Drug Delivery Via The Nasal Route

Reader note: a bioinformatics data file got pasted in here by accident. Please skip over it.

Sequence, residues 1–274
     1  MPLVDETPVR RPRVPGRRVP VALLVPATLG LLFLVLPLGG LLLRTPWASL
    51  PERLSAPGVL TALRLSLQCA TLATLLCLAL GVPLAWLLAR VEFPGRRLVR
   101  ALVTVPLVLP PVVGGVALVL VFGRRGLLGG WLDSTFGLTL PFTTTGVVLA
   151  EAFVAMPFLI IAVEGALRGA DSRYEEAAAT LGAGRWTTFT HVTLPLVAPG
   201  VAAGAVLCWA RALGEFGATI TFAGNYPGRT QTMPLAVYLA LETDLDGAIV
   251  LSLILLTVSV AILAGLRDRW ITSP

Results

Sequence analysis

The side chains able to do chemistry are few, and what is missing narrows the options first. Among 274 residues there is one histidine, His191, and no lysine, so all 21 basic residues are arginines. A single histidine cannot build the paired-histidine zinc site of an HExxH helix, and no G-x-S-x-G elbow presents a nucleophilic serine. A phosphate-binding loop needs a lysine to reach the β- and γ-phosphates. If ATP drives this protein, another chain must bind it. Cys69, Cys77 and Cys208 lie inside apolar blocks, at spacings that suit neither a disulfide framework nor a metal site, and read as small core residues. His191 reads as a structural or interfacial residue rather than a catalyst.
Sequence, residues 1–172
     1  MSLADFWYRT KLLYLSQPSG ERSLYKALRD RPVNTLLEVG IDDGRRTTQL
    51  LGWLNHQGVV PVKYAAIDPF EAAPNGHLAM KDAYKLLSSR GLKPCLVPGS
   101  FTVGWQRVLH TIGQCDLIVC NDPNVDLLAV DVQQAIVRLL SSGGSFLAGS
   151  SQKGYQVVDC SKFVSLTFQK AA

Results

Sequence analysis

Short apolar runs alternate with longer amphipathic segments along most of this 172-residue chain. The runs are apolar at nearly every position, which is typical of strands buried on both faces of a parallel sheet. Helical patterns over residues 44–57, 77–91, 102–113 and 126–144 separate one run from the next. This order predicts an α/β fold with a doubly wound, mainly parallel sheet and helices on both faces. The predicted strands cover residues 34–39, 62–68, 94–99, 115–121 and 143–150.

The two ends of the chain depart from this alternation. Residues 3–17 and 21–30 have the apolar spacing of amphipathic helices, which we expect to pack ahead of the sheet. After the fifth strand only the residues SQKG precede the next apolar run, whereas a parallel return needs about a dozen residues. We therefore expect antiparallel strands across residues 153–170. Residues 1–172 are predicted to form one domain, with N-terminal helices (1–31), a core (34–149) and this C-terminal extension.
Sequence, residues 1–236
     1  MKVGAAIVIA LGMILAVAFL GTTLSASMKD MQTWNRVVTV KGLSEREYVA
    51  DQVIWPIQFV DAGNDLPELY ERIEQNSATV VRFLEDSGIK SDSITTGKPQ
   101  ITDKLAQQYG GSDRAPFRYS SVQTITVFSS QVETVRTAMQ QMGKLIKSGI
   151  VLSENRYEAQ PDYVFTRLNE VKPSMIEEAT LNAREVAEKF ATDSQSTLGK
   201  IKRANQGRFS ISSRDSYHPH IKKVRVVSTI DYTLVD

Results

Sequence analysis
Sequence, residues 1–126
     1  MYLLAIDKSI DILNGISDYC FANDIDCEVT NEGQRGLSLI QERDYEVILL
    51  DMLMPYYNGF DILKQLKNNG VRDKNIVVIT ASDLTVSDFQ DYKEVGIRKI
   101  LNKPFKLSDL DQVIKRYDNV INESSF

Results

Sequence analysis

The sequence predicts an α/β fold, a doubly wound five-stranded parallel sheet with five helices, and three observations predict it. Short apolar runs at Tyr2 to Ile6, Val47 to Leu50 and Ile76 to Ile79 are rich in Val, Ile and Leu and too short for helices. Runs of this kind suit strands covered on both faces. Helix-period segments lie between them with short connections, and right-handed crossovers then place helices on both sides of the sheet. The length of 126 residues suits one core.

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Introduction In the past years, drug delivery via the nasal route has established itself as a competitor and an alternative route over other routes of administration. It provides a higher degree of patient compliance and drugs can be painlessly self-administered by the patient (Illum, 2003). Drugs administered through nasal route are absorbed rapidly and can reach therapeutically effective plasma levels quickly due to highly permeable membranes and rich vasculature of the nasal cavity (Majithiya et al., 2006). In addition, the nasal route offers further advantages over the oral route, especially for those drugs that have poor oral bioavailability due to high hepatic first-pass metabolism, pH instability and enzyme degradation in GIT (Ugwoke et al., 2001). Nowadays, the intranasal route has gained more interest to target drugs to the brain and cerebro-spinal fluid by passing the blood-brain barrier. Intranasal formulation of drugs for the treatment of Parkinson 's disease (Khan et al., 2010), Alzheimer 's disease (Zhang et al., 2004) and psychosis (Kumar et al., 2008) have been elaborated and their therapeutic efficiency over conventional oral dosage form has been verified. Rivastigmine tartrate (RV) is the drug of choice for the treatment of Alzheimer 's disease that is characterized by progressive memory dysfunction due to significant insufficient levels of acetylcholine in the brain (Williams et al., 2003). RV is categorized in the class of reversible cholinesterase
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